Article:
Kate Flora: Hi, all. I am subbing in today for Lea Wait, so I apologize if you think you’ve already heard enough from me recently. As is often the case, when a post is due, I wander around wondering what to write about. Sometimes, the topic is immediately obvious, such as last weeks about the adventure and challenge of editing my mother’s book; other time, it is a challenge to think of something that might interest the readers here at Maine Crime Writers. So today, as I am sitting on a screened lanai, surrounded by palm trees, taking a break from trying to put more action into my ninth Thea Kozak mystery (at the moment, a reporter who breaks into a student’s dorm room,) I thought I’d share a bit of life on “my islands.”
What are “my islands?” First and foremost, of course, Bailey Island, Maine, where from April until October I happily do my writing at the ocean’s edge. Being about sixteen miles from the closest stores, springing, summering, and falling on Bailey is kind of a pack in, pack out experience. When I’m not sitting the third floor office we built two years ago working on a book (absolutely a room with a view), I am putting in my gardens, or in my kitchen (which is also a room with a view) or taking a quick walk out to the Giant’s Stairs or down to Land’s End.
The view from our little cottage is endlessly changing. Lobster boats, The schooner Alert, storms flying in off the ocean, and gorgeous Maine sunsets are all a part of the rhythm of the day.
My other island is Sanibel Island, off the Gulf Coast of Florida, where for many years I have spent the month of March. Many, hearing that I spend a month in Florida, must imagine an endless vacation, with beach walks and swimming while my skin turns a rich brown and my hair goes sun streaked blonde. Mostly, though, while I am barefoot and wearing shorts and my Bangor Police Department Duck of Justice tee-shirt, I am sitting at my keyboard, working many hours a day.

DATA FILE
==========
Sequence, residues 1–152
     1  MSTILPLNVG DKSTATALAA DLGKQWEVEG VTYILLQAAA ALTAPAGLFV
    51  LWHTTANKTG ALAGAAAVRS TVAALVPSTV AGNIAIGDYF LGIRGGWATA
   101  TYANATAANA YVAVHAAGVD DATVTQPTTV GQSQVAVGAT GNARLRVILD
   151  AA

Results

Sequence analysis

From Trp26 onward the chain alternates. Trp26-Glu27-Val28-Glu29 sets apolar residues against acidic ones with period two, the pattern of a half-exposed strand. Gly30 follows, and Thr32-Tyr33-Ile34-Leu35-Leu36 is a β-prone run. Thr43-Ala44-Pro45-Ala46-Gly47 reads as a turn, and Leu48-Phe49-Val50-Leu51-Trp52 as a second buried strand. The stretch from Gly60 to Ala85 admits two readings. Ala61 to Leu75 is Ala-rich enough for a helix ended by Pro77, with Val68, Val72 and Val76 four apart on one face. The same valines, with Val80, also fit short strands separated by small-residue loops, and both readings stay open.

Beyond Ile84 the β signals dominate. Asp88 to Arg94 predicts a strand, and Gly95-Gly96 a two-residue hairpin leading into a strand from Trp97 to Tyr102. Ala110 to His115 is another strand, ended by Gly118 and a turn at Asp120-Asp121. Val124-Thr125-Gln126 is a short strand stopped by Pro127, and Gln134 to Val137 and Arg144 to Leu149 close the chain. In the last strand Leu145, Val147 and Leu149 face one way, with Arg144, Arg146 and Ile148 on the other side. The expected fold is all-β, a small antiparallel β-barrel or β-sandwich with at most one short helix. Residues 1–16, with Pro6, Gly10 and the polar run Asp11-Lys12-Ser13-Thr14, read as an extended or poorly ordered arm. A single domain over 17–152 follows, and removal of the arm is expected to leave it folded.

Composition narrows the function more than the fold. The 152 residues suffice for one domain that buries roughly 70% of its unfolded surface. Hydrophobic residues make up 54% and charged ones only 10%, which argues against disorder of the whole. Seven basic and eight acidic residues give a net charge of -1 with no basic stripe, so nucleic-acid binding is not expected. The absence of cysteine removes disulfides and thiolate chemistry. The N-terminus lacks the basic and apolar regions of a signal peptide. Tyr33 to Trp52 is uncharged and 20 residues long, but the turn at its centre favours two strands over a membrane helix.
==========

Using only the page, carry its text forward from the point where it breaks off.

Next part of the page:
True, at the end of the work day, I can take a swim in the pool or a walk on the beach. There are some gin and tonics involved, and one or two drives through the “Ding” Darling National Wildlife Refuge. There is the occasional morning bike ride to Noah’s Ark, St. Michael’s Episcopal Church thrift store. I will come home at the end of the month with a small bag of shells, something new from Noah’s Ark, and hopefully, a lot of work done.
March is also the month where my husband and I go to the gym together every other day, so April is the month of the year when I am thinnest. Right now it is early in the month, and so I ache all over. But it will be worth it. Meanwhile, I sit surrounded by a creaking tree, rustling palms, and–as in Maine–the strange, infantile cry of osprey overhead, staring at the page in the latest Thea, wondering what crimes the intrusive reporter has committed.
p.s. I thought you might enjoy these photos from a professional, Doug Bruns, in Harpswell and my friend Richard Howard in the yard in Florida